SOFT MACHINE : 1966 - 2018

Soft Machine : One of the greatest UK avant/jazz-rock bands of all time.

Their work, from their earliest performances as a psychedelic band who were contemporaries of, and shared stages with, Syd Barrett's Pink Floyd and the Jimi Hendrix Experience, all the way to being one of Europe's best known 'fusion' groups, has influenced several generations of bands, and continues to be name-checked by today's hip experimentalists.

Whilst the line-up of Soft Machine may have changed many times since the heady days of the late 1960’s, the band’s spirit of musical adventure, and the ease with which it freely avoids being pigeon holed and can move from powerful progressive jazz fusion to atmospheric psychedelia to free improvised jazz-rock to ambient loop music continues to make it both unique and totally contemporary.

Soft Machine 2019

So after our stint in New York City, which marks the half way point in our US tour, we said goodbye to John Marshall who had to go back to England and we set off on the long drive to Canada where we were to meet Gary Husband who is playing drums with us for the rest of this leg of the US tour. Gary last played with us in July in Japan, but that time on piano and keyboards, alongside the four of us. He is a supremely talented musician both on drums and keyboards and apart from playing in John McLaughlin's band for the last 9 years, has played with Allan Holdsworth, Billy Cobham, Gary Moore, UK, Mike Stern, Level 42 and many others.

We did the drive to Toronto over two days. It was a cool trip. Heading north west through New York (which is actually about the size of England!), we drove through Yonkers, along the Hudson River, over the Tappan Zee Bridge (soon to be renamed), past Nyack and the Catskills mountains. It is a beautiful part of the world, very green and lush and I’d like to come back and visit it sometime. We drove past Bethel which is where the famous Woodstock festival of 1969 actually took place. It was supposed to be in Woodstock itself, but objections by local residents and the town made it impossible. However, the posters and publicity had already been done so they relocated it nearby up the road. And of course whilst the organisers assured locals that up to 50,000 people would attend, it ended up being around 400,000 people!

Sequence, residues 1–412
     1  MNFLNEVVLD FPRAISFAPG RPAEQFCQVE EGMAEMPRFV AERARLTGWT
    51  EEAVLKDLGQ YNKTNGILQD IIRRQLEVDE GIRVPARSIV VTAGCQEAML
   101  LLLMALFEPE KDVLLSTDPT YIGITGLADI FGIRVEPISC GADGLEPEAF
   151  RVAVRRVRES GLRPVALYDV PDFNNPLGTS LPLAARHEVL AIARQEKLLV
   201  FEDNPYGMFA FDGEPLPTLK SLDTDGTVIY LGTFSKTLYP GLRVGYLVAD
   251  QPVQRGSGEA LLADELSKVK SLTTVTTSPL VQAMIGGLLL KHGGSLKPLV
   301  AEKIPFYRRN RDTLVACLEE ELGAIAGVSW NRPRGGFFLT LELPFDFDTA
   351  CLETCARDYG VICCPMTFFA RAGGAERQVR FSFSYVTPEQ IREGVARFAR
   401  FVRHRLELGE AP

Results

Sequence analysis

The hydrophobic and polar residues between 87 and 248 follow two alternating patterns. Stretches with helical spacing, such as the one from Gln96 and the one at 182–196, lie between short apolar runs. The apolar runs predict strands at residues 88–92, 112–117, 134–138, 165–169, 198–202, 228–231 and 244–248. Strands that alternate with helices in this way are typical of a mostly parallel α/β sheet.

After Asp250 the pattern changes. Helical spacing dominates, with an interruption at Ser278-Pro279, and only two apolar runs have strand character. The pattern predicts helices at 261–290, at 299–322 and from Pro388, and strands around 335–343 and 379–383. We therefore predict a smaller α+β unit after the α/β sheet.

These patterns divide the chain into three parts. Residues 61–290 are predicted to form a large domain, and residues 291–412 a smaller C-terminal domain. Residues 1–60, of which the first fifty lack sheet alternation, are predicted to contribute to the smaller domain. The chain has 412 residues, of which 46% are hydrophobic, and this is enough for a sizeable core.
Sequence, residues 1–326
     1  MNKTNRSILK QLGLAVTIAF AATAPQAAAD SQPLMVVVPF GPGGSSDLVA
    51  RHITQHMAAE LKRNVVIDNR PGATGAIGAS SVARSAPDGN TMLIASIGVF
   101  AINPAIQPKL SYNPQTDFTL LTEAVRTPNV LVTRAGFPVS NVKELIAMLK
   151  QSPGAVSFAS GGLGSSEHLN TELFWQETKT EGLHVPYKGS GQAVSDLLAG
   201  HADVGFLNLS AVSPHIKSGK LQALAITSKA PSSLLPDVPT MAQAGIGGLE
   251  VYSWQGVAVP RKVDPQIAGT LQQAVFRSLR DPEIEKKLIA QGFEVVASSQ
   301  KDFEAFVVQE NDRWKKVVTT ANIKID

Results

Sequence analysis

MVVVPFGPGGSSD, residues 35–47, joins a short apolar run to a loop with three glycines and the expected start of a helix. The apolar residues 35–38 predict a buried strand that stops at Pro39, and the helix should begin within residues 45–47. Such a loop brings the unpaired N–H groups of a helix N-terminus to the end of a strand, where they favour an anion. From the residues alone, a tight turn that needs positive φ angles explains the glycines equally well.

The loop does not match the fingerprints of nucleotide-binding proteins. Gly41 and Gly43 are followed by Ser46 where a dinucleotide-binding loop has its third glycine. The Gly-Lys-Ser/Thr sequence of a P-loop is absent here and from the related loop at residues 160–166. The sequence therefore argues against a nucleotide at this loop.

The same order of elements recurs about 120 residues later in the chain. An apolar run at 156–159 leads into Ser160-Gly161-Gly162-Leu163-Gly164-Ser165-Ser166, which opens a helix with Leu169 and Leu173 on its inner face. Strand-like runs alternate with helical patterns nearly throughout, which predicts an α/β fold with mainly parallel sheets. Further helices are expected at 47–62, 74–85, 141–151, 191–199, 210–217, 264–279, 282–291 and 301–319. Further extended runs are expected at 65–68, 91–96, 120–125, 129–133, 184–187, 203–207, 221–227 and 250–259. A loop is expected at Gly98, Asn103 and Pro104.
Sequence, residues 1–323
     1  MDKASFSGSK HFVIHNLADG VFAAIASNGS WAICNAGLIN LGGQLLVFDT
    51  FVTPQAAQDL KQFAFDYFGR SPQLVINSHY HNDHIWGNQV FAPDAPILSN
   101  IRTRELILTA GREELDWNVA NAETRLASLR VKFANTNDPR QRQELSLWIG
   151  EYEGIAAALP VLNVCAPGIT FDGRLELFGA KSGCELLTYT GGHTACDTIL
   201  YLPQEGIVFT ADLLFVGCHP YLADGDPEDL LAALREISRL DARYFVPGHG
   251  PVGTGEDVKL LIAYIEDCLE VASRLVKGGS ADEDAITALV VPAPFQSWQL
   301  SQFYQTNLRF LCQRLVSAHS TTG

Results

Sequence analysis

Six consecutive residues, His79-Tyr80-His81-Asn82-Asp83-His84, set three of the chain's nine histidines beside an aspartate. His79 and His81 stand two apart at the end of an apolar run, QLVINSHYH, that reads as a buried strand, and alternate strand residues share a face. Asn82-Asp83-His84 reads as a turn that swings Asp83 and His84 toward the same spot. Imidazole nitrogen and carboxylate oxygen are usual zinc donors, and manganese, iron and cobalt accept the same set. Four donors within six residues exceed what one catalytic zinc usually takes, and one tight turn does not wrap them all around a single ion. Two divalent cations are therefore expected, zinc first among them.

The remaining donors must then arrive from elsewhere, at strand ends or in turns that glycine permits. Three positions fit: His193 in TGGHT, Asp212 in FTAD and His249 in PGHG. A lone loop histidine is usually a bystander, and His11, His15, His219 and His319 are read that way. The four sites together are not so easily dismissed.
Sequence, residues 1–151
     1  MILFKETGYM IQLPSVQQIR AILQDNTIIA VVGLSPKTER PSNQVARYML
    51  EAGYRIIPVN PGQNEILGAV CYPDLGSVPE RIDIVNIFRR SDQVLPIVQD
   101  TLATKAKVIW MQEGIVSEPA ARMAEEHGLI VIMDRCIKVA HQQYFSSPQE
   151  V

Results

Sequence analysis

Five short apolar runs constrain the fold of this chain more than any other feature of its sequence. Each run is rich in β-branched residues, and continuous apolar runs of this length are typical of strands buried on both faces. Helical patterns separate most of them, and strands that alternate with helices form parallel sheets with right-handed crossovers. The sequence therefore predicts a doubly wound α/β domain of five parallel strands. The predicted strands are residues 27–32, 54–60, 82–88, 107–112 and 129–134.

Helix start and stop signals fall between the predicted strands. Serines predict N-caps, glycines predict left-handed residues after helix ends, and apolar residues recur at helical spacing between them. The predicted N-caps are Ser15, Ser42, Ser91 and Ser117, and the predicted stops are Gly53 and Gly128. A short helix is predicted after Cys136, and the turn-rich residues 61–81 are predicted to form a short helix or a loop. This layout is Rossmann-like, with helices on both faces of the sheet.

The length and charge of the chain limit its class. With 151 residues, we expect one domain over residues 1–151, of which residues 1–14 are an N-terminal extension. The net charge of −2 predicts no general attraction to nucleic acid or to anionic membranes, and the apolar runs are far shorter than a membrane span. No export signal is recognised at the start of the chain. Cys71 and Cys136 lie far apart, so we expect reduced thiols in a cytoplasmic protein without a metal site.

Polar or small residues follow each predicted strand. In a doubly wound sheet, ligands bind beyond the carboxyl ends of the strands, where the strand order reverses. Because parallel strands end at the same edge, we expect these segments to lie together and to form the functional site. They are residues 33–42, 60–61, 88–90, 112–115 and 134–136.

We stayed the night in Batavia, which sounds like it is in Eastern Europe but is actually in Western New York. We passed some amusing signs on the way like ‘Car wash and dog wash’, and the most exciting thing in one local store was a sign for ‘New biscuit bowls’. The following morning, John and I went for a walk (10,100 steps according to my phone), and we found a beautiful peace garden. Batavia actually has historical significance as in 1812 the USA made its first declaration of war on another nation - on Britain. It was about trade, territory and general hostilities which had been increasing. The British invaded the USA, blockaded the entire Eastern coast and burnt down Washington and Buffalo. The American military retreated to Batavia where it regrouped before fighting back.

We then drove on to Toronto to the hotel to meet Gary and then to the gig which was located in a funky part of town. We set up and had to rehearse with Gary as he had not played the tunes with us before, at least not on drums and several of them never before. He got everything instantly as he is so amazingly good and had done his homework too. Beledo also had to rehearse as he was playing with a different trio to his regular one, a drummer he played with 30 years before and a bass player he had never met!

The club was a typical rock club, called the Garrison. It is the type of black box venue, a bit grungy and with a very small dressing room. The stage was quite small and quite high off the floor with a low ceiling so it was a little cramped and the onstage sound was pretty loud. The place did however have a very good sound engineer who was very helpful. Before the gig a few of us went to a nearby cafe where there was a spectacularly unbothered waitress, whose service was so bad, it was hilarious. There was a good sized crowd, the gig went very well and Gary was fantastic. Notable highlights for me were the tricky Out Bloody Rageous (with its 15 beats in each bar) which locked in nicely, Hidden Details and Gesolreut. Poor Leonardo, our manager, suddenly got unwell with shivers and shakes and looked rough though he still managed to do everything he needed to do. I hope he gets well soon. Tomorrow we travel back across the border to the US and to Buffalo. We pass very near the Niagara Falls, and we may or may not go and see them.

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